Nightmares & Dreamscapes: The Road Virus Travels North (TV)

Nightmares & Dreamscapes: The Road Virus Travels North (TV)
It's 'Day Gallery' when a haunted, ever-changing painting plagues the sanity of a horror author.
Updated: 06-29-2006

The Road Virus Heads North starts off promisingly: Richard Kinnell (Tom Berenger) is a lauded, famous horror writer pushing his way through an enthusiastic crowd of fans at his latest book-signing event. There are some fun, kooky characters, and it's not too hard to picture the author of the short story upon which this episode is based, Steven King, wearing those same shoes. It's an interesting glimpse into the flipside of fandom.


But the celebration of the author's latest great tome is short-lived when, after the event, Kinnell goes to the doctor and receives some rather grim news about the state of his health. Undaunted, he gets into his car and prepares for the long drive home back East. Along the way, the avid antiquer decides to stop at a garage sale, where he spies a compelling original painting by a local artist. The portrait shows a dark, creepy figure driving down a lonely road, his hands clutching the wheel with a death-grip, and his grimacing face set as if in stone. The woman having the garage sale explains to Kinnell that the artist was a perpetually depressed teenager who burned all of his artwork — except for this painting — then committed suicide.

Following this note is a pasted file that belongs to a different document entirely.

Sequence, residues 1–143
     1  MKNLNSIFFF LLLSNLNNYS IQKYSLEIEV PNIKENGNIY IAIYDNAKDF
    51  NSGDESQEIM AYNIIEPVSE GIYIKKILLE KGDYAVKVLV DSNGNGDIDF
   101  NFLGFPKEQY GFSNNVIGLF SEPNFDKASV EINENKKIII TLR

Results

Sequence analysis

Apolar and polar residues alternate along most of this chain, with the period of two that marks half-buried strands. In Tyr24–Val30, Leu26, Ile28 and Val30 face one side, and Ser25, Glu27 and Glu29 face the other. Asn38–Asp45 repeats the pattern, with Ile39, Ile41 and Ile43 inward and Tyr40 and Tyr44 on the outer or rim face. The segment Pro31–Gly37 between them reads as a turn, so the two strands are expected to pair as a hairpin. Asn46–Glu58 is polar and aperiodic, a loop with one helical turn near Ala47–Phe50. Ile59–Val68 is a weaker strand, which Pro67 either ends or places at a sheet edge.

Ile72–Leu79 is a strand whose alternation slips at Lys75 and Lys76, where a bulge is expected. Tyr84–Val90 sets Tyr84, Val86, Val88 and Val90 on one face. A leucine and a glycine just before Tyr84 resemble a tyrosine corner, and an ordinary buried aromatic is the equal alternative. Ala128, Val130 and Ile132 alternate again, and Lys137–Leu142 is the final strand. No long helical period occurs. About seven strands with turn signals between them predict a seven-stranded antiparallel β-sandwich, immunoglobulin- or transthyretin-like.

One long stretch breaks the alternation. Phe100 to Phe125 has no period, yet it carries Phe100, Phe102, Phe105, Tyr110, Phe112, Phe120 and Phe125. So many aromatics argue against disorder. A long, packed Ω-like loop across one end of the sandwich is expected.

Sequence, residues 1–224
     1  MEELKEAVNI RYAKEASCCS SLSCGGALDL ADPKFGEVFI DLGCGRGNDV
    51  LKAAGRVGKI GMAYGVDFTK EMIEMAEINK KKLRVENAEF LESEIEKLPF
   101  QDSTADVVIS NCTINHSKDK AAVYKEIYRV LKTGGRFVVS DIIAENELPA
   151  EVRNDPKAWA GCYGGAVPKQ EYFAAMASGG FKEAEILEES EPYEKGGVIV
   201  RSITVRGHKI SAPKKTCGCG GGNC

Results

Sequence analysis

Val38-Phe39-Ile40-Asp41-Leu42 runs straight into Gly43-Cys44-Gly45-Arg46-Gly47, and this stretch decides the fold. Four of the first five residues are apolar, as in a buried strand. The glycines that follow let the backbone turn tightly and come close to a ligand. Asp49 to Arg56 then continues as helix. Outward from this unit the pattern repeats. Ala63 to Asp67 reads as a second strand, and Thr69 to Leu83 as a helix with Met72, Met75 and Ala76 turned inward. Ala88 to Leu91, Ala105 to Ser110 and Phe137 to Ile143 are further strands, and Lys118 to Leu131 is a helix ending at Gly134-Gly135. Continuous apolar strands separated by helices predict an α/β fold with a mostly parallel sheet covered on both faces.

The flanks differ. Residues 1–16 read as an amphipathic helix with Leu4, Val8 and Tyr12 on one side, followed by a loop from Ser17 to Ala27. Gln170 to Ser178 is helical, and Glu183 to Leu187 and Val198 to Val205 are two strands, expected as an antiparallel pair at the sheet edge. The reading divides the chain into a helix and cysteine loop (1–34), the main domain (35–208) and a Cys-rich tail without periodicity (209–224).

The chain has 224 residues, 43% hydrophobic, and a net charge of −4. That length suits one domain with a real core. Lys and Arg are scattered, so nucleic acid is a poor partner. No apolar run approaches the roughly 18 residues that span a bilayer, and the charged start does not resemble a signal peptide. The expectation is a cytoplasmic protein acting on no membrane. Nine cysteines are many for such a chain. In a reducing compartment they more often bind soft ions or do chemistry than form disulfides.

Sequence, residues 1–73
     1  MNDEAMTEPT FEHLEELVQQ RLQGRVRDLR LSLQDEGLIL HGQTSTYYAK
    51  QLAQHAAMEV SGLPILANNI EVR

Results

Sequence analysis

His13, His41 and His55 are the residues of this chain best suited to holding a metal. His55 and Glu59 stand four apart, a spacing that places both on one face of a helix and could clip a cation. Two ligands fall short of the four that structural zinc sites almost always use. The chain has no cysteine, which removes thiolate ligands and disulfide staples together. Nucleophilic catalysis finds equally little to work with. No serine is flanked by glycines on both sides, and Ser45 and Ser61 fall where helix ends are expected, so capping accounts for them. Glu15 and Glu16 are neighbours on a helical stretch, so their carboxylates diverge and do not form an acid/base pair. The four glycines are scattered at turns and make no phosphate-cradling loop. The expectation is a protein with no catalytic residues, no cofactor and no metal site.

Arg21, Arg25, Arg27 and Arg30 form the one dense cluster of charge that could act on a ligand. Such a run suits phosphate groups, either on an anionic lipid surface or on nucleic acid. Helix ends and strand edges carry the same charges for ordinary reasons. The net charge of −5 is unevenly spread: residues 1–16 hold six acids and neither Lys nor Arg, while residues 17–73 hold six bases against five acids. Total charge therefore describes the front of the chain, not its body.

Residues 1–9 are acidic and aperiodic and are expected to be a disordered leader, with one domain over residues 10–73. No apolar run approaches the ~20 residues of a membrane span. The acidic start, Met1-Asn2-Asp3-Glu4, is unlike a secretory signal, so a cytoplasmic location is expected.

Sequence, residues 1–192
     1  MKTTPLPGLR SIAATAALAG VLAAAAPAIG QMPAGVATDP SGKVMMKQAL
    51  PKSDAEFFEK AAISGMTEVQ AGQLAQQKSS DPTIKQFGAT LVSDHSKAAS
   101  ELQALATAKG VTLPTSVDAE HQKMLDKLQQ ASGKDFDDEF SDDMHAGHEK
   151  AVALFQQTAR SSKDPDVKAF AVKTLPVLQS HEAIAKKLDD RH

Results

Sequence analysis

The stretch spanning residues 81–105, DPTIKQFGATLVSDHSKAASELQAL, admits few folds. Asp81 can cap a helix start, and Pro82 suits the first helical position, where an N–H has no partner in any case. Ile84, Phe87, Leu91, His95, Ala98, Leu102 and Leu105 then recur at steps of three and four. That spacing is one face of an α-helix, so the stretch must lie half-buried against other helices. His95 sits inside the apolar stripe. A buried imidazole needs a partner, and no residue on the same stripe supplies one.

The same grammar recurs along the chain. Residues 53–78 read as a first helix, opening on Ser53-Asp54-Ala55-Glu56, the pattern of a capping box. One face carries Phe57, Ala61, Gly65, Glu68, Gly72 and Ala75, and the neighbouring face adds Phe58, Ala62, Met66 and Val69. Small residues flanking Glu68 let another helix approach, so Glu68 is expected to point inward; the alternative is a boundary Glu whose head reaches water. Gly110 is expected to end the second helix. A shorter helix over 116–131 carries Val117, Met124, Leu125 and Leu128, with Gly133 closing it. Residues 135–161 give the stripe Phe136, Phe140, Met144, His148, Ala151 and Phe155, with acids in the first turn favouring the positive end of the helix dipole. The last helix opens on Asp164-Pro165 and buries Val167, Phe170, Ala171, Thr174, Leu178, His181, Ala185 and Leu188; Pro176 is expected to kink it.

The story and the painting appeal to the horror author's darker sensibilities so he buys it, sticks it in the backseat of his car, and keeps heading north. As he drives, he starts to get strange feelings and vague premonitions. He is more eager than ever to get to the sanctuary of home.


Along the way, he stops to visit with his aunt (Marsha Mason), and to pick his dog up from his ex-wife's (Susie Porter) house. The painting starts to change… the road signs change… as if the spectral driver is following Kinnell. After a particularly bad scare, Kinnell decides to get rid of the sinful sketch by throwing it in the nearest river. But it's not that easily cast off.


Berenger is excellent in The Road Virus Travels North (and Mason and Porter are too, in their very small roles), but there are not enough twists and turns in this road… It's easy enough to figure out where it's going as the story moves along in a too-staid mode of cruise control. Still, it is worth a look for the performances and to watch the painting chance. And, oh yeah, there is a gruesomely severed head — gotta see that!


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Reviewed by Staci Layne Wilson



Be sure and read our exclusive interview with Tom Berenger.

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